U.S. President Donald Trump has not yet made his "final decision" on how to respond to an alleged chemical weapons attack in Syria, the White House said Thursday after he met with his top national security advisors.
"We are continuing to assess intelligence and are engaged in conversation with our partners and allies," White House press secretary Sarah Sanders said.
Trump will confer with French President Emmanuel Macron and British Prime Minister Theresa May later in the day on the action the allies might take, Sanders added.
British government officials said shortly after that May and Trump had spoken and agreed to keep working closely on an international response to the use of chemical weapons in Syria.
"They agreed it was vital that the use of chemical weapons did not go unchallenged, and on the need to deter the further use of chemical weapons by the Assad regime," a Downing Street spokesperson said.
The U.S., France and Britain have been in extensive consultations about launching a military strike as early as the end of this week, U.S. officials have said.
The White House announcement came after May held an emergency cabinet meeting on the situation in Syria, where dozens of people were killed last weekend in a suspected toxic gas attack on Douma, the largest town in a former rebel stronghold outside Damascus.
Downing Street said May's top ministers had agreed on the "need to take action," despite polls showing the British public remains wary of military intervention.
Macron said Thursday that France has proof that the Syrian government launched chlorine gas attacks and said France would not tolerate "regimes that think everything is permitted."
A joint military operation, possibly with France rather than the U.S. in the lead, could send a message of international unity about enforcing the prohibitions on chemical weapons.
A French frigate, British Royal Navy submarines laden with cruise missiles and the USS Donald Cook, an American destroyer equipped with Tomahawk land attack missiles, have all moved into range of Syria's coast.
Defense Secretary Jim Mattis warned such an attack carried the risk of spinning out of control.
However, he also emphasized that Syrian use of chemical weapons should not be tolerated. And he insisted it remains U.S. policy not to be involved directly in Syria's civil war.
"Our strategy remains the same as a year ago," he said. "It is to drive this to a U.N.-brokered peace but, at the same time, keep our foot on the neck of ISIS until we suffocate it," referring to the Daesh terror group.
Mattis' remarks at a House Armed Services Committee hearing followed a series of Trump tweets this week that initially indicated he was committed to bombing Syria but later suggested he was awaiting further advice and assessment. Trump wrote in a Thursday morning tweet that an attack could happen "very soon or not so soon at all."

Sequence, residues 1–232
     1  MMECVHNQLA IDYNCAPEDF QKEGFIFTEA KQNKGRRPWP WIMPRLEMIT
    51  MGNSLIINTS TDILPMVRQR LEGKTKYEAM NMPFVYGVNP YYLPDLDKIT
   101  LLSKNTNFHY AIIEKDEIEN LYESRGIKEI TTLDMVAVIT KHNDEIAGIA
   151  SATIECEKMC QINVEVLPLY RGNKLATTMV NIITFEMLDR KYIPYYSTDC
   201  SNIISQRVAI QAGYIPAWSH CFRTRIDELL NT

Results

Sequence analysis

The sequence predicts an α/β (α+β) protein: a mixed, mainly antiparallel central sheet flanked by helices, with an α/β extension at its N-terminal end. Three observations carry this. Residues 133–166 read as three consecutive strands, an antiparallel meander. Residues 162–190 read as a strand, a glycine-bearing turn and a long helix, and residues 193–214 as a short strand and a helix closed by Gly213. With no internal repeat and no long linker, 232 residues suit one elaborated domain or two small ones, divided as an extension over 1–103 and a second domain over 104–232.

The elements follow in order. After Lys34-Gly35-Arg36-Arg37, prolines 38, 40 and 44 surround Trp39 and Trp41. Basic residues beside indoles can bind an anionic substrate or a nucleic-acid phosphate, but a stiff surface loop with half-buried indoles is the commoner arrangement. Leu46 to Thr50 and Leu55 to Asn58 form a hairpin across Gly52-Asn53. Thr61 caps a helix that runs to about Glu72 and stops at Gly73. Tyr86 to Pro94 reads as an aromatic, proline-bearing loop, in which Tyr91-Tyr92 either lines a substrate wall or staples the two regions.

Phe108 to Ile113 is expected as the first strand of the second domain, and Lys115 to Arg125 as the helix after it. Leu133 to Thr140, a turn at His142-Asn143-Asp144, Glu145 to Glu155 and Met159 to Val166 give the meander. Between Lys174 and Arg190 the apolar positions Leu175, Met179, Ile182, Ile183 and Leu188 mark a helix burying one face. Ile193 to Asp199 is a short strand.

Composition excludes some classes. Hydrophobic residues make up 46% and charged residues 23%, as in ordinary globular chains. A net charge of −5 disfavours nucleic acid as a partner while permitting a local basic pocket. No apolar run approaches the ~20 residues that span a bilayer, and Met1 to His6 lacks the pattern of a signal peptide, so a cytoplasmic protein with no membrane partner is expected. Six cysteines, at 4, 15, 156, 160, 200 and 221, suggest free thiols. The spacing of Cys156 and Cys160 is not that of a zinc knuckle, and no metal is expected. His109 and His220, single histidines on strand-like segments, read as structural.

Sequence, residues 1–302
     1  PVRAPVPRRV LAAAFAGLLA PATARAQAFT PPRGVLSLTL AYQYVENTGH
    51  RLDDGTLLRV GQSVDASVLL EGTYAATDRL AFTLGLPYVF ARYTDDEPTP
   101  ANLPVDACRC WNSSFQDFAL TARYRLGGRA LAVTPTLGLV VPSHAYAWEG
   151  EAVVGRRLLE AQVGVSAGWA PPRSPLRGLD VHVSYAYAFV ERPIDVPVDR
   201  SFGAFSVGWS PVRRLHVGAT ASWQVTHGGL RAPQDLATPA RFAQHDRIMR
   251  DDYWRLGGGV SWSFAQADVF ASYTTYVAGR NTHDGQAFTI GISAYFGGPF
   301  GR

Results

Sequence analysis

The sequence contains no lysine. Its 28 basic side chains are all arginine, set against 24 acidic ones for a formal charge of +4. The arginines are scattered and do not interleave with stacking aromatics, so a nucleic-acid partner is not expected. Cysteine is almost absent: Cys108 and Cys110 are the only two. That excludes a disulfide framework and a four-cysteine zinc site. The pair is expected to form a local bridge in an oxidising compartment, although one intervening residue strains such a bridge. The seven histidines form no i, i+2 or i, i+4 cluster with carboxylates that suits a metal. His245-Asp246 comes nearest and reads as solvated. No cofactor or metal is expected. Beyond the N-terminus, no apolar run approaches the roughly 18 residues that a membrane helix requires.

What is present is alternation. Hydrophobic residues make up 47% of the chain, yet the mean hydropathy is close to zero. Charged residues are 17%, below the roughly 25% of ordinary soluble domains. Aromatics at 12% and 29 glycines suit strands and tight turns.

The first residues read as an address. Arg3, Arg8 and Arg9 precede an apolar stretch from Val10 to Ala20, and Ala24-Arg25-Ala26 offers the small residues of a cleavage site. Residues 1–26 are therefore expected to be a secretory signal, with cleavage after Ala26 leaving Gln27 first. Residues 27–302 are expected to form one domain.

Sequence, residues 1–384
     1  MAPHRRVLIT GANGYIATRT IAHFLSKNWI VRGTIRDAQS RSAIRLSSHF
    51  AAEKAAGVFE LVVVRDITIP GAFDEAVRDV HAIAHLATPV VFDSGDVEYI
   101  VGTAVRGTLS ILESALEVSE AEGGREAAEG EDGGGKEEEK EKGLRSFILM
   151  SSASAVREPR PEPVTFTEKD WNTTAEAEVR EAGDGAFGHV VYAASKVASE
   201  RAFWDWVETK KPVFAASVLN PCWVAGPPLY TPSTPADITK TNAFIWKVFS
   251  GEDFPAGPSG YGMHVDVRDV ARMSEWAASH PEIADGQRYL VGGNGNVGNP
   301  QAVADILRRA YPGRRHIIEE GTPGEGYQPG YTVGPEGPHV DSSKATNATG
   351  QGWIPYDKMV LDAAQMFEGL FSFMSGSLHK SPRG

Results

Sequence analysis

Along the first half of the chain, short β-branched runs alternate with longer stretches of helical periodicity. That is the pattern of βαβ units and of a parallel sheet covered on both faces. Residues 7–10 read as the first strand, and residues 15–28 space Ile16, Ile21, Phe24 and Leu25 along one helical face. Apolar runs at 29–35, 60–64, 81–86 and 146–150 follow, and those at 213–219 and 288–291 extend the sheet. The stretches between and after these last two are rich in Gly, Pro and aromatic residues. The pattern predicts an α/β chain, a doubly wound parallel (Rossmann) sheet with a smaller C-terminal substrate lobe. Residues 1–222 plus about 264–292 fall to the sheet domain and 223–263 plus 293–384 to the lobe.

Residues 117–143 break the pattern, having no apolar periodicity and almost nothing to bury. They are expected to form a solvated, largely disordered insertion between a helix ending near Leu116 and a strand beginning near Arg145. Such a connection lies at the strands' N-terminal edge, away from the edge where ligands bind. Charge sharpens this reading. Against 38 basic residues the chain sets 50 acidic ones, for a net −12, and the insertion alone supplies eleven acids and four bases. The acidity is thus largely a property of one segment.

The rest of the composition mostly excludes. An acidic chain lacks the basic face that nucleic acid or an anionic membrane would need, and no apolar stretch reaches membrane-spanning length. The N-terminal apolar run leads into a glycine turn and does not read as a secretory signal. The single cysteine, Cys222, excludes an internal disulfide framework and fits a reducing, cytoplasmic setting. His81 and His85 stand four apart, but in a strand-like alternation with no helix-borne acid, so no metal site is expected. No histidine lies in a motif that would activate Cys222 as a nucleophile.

Later Thursday he was noncommittal. "We're looking very, very seriously, very closely at the whole situation," he told reporters.
Moscow has warned against any escalation that could trigger a conflict between the United States and Russia, and has called for an emergency U.N. Security Council meeting on Friday.
U.S. officials have refused to rule out direct military engagement with Russia, with the White House saying "all options are on the table."
But a special hotline for the U.S. and Russian militaries to communicate about operations in Syria is active and being used by both sides, Moscow said Thursday.
Mattis said that although the United States has no hard proof, he believes the Syrian government was responsible for Saturday's attack. Initial reports indicated the use of chlorine gas, possibly in addition to the nerve agent Sarin. Trump's ambassador to the United Nations, Nikki Haley, told NBC News on Thursday the administration has "enough proof" of the chemical attack but was still considering its response.
The Organization for the Prohibition of Chemical Weapons, based in the Netherlands, announced it was sending a fact-finding team to the site of the attack outside Damascus, and it was due to arrive Saturday. It was not clear whether the presence of the investigators could affect the timing of any U.S. military action.
At the House hearing, Democrats grilled Mattis on the wisdom and legality of Trump ordering an attack on Syria without explicit authorization from Congress. Mattis argued it would be justified as an act of self-defense, with 2,000 U.S. ground troops in Syria; he insisted he could not talk about military plans because an attack "is not yet in the offing."
Mattis said he personally believes Syria is guilty of an "inexcusable" use of chemical weapons, while noting that the international fact-finding team would likely fall short of determining who was responsible.
Asked about the risks of U.S. military retaliation, Mattis cited two concerns, starting with avoiding civilian casualties.
"On a strategic level, it's how do we keep this from escalating out of control, if you get my drift on that," he said.
Rep. Adam Smith, the ranking Democrat on the House Armed Services Committee, said he sees no legal justification for a U.S. strike in Syria, absent explicit authorization by Congress. More broadly, he doubted the wisdom of bombing.
"Until we have a more long-term strategy, until we have some idea where we're going in Syria and the Middle East, it seems unwise, to me, to start launching missiles," said Smith, D-Wash. "We need to know where that's going, what the purpose of it is before we take that act."